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Canadian intelligence spies met with energy companies: report

Canadian foreign intelligence spies, who allegedly hacked into Brazil’s Mines and Energy Ministry (MME), took part in top-level secret meetings where Canada's security agencies briefed energy businesses, according to a report.Oil.
Canadian foreign intelligence spies, who allegedly hacked into Brazil’s Mines and Energy Ministry (MME), took part in top-level secret meetings where Canada's security agencies briefed energy businesses, according to a report.Oil. Getty Images

TORONTO – Canadian foreign intelligence spies, who allegedly hacked into Brazil’s Mines and Energy Ministry (MME), took part in top-level secret meetings where Canada’s security agencies briefed energy businesses, according to a report.

Documents obtained by The Guardian through the freedom of information act show Communications Security Establishment Canada (CSEC) shared surveillance and intelligence with energy firms, federal ministries and spy and police agencies during secret meetings.

READ MORE: Mulcair says spying gives Canada black eye

The Guardian reports the most recent meeting, in May 2013, discussed “security of energy resources development” and was partially sponsored by Enbridge.

However, the documents don’t indicate whether any international intelligence was shared by CSEC, according to the newspaper.

READ MORE: Why is Canada’s privacy czar worried about the country’s cyber-spying agency?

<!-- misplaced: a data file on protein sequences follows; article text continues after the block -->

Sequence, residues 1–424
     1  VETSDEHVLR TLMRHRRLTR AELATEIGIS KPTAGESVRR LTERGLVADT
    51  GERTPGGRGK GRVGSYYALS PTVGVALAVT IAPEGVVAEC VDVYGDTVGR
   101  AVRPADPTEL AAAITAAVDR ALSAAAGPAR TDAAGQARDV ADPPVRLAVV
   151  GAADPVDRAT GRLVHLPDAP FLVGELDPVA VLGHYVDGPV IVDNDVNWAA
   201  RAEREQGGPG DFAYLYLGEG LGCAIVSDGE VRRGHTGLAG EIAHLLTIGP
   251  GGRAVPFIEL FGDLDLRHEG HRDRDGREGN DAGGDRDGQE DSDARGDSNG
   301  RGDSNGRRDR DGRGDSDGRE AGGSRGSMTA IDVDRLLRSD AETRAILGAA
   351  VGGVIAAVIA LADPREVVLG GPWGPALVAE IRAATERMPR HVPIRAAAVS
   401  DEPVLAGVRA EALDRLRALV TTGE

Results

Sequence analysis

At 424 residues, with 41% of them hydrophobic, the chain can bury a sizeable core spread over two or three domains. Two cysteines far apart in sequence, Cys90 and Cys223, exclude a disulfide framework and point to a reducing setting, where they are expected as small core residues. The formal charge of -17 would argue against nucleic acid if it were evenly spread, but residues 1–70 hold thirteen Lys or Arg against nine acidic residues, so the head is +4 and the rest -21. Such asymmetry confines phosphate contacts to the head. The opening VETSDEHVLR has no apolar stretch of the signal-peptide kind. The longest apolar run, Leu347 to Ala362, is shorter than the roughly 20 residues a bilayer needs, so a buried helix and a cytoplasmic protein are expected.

The report comes days after Brazilian president Dilma Rousseff demanded Canada explain why one of its spy agencies was monitoring MME communications, allegations about which Prime Minister Stephen Harper said he’s “very concerned.”

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Harper said Canadian officials are “reaching out very proactively” to their counterparts in Brazil.

Watch the video below: Diplomatic fallout over Brazil spy report

More espionage allegations could surface, according to the journalist who revealed secret documents from ex-National Security Agency employee Edward Snowden.

“There’s a lot of other documents about Canadians spying on ordinary citizens, on allied governments, on the world, and their co-operation with the United States government,” Glenn Greenwald said in CBC interview.

“The nature of that co-operation that I think most Canadian citizens will find quite surprising, if not shocking, because it’s all done in secret and Canadians are not aware of it,” Greenwald said.

Watch: John Forster, Chief of CSEC, defends his organization as pressure mounts